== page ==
Following France’s lead, a number of countries have started premiering proper, well-thought out official music videos for their Eurovision Song Contest entries. One of them is Cyprus, who can really give Anggun a run for her money with their artistic, fantasy tale-inspired affair. Check it out:
Cyprus 2012: La La Love performed by Ivi Adamou
This has to be one of my favourite videos so far. From its gorgeous cinematography to the high-end, abstract depiction of the tale of Snow White, we discover that the song’s message of the yearning for an all-encompassing love is a tale that is as old as time. That juxtaposition between sound and visual is really creative! Cyprus has really surprised us at every turn this year, starting from Ivi’s nomination through to the selection of La La Love and now with this really cool music video. Well done! Now I’m really looking forward to seeing the stage show.
As the 2012 national finals season for the Eurovision Song Contest approaches its final stages, we can see that plenty of Eurovision entries as well as national final entries enter the iTunes chart in their respective countries. Have a look below:
Perhaps the most surprising is the Netherlands, with the Dutch entry You And I by Joan Franka at # 2 (previously #1 last week). The last time a Dutch entry was a commercial hit on home soil was in 2010 with Sieneke’s Ik Ben Verliefd (Sha-la-lie). I suppose John de Mol deserves some credit in drumming up interest in the Eurovision Song Contest again and for making the entry a commercial hit, thus restoring some credibility to the Contest in the eyes of the Dutch public and media as well creating a bit of pride. That still doesn’t exonerate him from hijacking the Nationaal Songfestival and turning it into a ‘The Voice’ after-show.
Another welcome surprise can be seen in the Spanish iTunes chart, with the country’s newly selected Eurovision entry Quédate Conmigo in at #9. This has never happened before, at least in my recollection, to a Spanish entry. It means that the people are getting behind the song and are very proud of it. I think we can expect some really good viewing figures from Spain this year.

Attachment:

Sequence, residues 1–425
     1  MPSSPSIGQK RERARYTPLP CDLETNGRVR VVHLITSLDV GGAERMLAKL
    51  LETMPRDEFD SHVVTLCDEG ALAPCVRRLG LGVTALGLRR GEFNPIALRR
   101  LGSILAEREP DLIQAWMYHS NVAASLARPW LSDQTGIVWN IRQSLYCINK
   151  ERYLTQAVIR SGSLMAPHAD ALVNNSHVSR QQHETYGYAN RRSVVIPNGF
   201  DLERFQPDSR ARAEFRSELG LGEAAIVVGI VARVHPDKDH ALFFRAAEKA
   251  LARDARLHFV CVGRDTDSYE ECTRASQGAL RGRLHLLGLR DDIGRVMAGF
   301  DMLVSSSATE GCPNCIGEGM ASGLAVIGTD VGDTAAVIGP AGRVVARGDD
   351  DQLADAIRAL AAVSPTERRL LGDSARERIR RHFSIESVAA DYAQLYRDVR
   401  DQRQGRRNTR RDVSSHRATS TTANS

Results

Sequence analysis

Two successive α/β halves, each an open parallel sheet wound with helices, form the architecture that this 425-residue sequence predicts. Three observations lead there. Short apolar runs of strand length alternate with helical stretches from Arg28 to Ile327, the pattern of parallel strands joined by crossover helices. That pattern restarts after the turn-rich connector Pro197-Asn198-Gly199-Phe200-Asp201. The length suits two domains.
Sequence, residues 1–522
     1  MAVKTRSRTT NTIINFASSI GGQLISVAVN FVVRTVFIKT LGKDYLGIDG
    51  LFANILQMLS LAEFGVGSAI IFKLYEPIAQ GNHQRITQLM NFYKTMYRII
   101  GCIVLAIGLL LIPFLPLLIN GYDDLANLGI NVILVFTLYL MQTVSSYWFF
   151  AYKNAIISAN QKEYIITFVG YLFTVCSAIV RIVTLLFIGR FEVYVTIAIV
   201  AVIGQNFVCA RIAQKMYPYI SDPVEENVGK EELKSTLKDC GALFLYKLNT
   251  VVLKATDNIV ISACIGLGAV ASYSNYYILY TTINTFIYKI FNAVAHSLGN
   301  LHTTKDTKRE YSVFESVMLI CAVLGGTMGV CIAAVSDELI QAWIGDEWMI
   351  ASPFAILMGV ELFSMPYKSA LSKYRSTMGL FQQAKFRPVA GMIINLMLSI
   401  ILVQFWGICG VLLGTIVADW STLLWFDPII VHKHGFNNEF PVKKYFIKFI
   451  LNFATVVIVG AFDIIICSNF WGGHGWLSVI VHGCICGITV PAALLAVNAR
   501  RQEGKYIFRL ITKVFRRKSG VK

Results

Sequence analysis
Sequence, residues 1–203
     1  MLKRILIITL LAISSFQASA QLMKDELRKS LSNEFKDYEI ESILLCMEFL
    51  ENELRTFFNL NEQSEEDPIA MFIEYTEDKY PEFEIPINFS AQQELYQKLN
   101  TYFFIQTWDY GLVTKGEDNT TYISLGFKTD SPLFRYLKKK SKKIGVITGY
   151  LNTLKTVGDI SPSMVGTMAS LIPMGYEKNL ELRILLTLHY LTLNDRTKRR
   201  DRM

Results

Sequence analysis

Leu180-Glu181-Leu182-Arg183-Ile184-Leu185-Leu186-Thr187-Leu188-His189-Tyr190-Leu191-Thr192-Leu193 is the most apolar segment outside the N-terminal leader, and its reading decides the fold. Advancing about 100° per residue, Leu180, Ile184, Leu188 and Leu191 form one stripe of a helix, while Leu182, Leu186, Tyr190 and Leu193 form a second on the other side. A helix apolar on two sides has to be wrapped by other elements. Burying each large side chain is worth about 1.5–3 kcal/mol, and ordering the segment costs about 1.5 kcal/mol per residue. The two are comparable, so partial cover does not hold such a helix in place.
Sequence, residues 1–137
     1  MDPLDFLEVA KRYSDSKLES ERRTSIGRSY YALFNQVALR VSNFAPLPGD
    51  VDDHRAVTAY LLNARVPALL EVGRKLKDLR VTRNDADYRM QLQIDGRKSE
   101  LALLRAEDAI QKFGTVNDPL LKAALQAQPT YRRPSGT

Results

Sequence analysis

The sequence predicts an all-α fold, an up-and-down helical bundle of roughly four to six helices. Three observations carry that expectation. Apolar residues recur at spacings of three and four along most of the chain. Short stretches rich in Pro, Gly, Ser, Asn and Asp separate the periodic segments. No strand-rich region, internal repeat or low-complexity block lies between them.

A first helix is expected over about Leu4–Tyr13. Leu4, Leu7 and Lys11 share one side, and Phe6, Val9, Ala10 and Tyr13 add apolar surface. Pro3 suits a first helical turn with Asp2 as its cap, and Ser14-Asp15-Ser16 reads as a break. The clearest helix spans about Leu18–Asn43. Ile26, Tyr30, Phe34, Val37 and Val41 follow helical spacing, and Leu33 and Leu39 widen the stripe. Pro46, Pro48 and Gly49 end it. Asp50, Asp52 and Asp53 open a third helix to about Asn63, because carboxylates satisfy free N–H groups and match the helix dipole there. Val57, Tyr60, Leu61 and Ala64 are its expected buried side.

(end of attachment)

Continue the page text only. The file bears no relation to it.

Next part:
Unsurprisingly, we can see Cyprus’ entry La La Love in the Greek chart at #9. No surprises for guessing where Greece’s douze points are going to.
As usual, Sweden’s Melodifestivalen dominates the iTunes chart in the run up to the Finalen i Globen and we can expect this to continue over the next coming weeks as the Swedes turn their attention to Eurovison Song Contest preparations.
A few entries have fallen off the charts but will most likely appear again as the Contest looms closer. These include Norway’s Stay by Tooji and Italy’s Per Sempre by Nina Zilli, which I suspect may return re-incarnated in its Eurovision form.
I have to say, it’s really great to see countries getting behind their entries and turning them into commercial hits as well as worthy showcases of their country’s music heritage, culture and industry. Goes to prove that the Eurovision Song Contest is more commercially relevant than people are prepared to admit.
With many an opinion divided and all the fuss and furor gathered around Cyprus’ songs for the 2012 Eurovision Song Contest, we at ASFE thought it would be interesting to assemble a jury of music experts to analyse the songs, award points (12, 6 & 2) and see what it is that has got all the Eurofans talking about. So, without further ado, we proudly present the inaugural session of the ASFE International Jury. Joining ASFE’s author TK, our three jury members are:
Mark Fillon, who is a writer, musician and member of popular rock band Sandwash. An ardent fan of all music and dedicated performer, his unvarnished view will prove to be a breath of fresh air.
Benjamin Schwartz travelled to more than 40 different countries, looking for original sounds to satisfy his ear buds. Once a DJ who held mixes in France and Chile, he’s an astute judge on what will get people moving.
And finally, Daniela Amaranda, who is a music enthusiast and a follower of numerous international concerts. Having recently discovered the Eurovision Song Contest, she’ll bring her knowledge of the international music scene to the jury.
Call The Police > Listen here
Mark: Uh-oh, Gaga-fever. This song seems to mirror the current trends of pop music in America, where production has been taken over by dance floor interests. In that respect, it does the job, but only minimally. It’s not destined to be a club anthem, probably because it sounds outdated. Songwriting-wise, it’s nothing brilliant. I understand that in a pop context, verse-chorus-verse is just fine. But even in the conventional pop sense, I’m afraid this song is just radio fodder. I feel terrible saying that – she’s gorgeous. 6 points
Benjamin: Similar artist: Ke$ha. That’s a song that’s built up completely up to the standards of what floods the radio waves nowadays. Same bass, same rhythm, in brief: a party tune. The lyrics are however a little light, as one could expect from a radio/club song. 6 points